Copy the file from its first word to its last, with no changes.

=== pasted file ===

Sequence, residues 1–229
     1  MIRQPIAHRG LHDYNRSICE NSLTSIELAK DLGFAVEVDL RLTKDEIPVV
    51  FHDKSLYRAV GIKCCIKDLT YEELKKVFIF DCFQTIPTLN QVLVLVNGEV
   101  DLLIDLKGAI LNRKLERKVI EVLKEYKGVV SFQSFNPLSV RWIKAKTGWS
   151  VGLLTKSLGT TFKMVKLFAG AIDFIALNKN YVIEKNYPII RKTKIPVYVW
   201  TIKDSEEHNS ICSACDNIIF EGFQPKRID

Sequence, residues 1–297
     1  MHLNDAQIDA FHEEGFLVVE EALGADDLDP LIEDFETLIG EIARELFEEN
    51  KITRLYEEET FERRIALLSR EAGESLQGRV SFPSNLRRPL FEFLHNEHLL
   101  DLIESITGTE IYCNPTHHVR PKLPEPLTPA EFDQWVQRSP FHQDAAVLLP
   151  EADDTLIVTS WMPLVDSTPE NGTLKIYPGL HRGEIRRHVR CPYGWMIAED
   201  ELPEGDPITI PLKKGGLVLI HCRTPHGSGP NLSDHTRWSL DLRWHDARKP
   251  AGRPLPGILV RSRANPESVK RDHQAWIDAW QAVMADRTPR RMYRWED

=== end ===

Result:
Sequence, residues 1–229
     1  MIRQPIAHRG LHDYNRSICE NSLTSIELAK DLGFAVEVDL RLTKDEIPVV
    51  FHDKSLYRAV GIKCCIKDLT YEELKKVFIF DCFQTIPTLN QVLVLVNGEV
   101  DLLIDLKGAI LNRKLERKVI EVLKEYKGVV SFQSFNPLSV RWIKAKTGWS
   151  VGLLTKSLGT TFKMVKLFAG AIDFIALNKN YVIEKNYPII RKTKIPVYVW
   201  TIKDSEEHNS ICSACDNIIF EGFQPKRID

Sequence, residues 1–297
     1  MHLNDAQIDA FHEEGFLVVE EALGADDLDP LIEDFETLIG EIARELFEEN
    51  KITRLYEEET FERRIALLSR EAGESLQGRV SFPSNLRRPL FEFLHNEHLL
   101  DLIESITGTE IYCNPTHHVR PKLPEPLTPA EFDQWVQRSP FHQDAAVLLP
   151  EADDTLIVTS WMPLVDSTPE NGTLKIYPGL HRGEIRRHVR CPYGWMIAED
   201  ELPEGDPITI PLKKGGLVLI HCRTPHGSGP NLSDHTRWSL DLRWHDARKP
   251  AGRPLPGILV RSRANPESVK RDHQAWIDAW QAVMADRTPR RMYRWED